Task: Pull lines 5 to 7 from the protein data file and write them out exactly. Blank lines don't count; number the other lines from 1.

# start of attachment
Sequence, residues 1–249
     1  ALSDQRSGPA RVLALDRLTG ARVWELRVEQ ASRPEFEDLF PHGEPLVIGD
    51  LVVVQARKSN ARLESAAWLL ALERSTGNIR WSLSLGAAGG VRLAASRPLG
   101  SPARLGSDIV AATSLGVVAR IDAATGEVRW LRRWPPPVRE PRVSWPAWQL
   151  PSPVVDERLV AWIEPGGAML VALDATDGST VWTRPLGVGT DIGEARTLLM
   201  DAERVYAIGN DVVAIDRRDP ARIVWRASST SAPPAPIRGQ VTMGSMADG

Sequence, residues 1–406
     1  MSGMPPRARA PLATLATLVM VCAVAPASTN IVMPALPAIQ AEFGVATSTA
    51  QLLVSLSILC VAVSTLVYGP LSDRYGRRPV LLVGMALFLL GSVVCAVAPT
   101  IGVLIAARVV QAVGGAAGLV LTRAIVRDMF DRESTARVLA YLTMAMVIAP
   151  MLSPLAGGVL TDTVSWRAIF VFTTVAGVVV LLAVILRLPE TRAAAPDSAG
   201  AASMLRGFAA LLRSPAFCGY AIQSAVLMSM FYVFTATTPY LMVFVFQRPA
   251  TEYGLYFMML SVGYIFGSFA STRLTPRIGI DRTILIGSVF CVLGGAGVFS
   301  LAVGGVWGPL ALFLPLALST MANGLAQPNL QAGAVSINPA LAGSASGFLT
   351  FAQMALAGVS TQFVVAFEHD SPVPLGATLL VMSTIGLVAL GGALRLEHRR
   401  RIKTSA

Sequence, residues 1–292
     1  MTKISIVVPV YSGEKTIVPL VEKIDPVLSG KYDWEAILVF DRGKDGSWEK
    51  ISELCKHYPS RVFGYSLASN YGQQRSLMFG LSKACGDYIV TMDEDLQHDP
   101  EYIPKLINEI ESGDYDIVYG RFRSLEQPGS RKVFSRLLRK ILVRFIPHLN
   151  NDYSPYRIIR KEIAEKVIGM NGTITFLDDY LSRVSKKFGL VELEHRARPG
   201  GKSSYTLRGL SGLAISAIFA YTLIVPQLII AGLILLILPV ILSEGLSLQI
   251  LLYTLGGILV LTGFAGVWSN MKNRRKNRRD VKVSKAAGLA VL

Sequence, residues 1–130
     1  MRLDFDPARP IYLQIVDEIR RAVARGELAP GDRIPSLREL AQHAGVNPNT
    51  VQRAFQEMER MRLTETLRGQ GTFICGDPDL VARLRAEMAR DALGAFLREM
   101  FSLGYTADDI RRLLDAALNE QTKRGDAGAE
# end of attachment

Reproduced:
   151  PSPVVDERLV AWIEPGGAML VALDATDGST VWTRPLGVGT DIGEARTLLM
   201  DAERVYAIGN DVVAIDRRDP ARIVWRASST SAPPAPIRGQ VTMGSMADG

Sequence, residues 1–406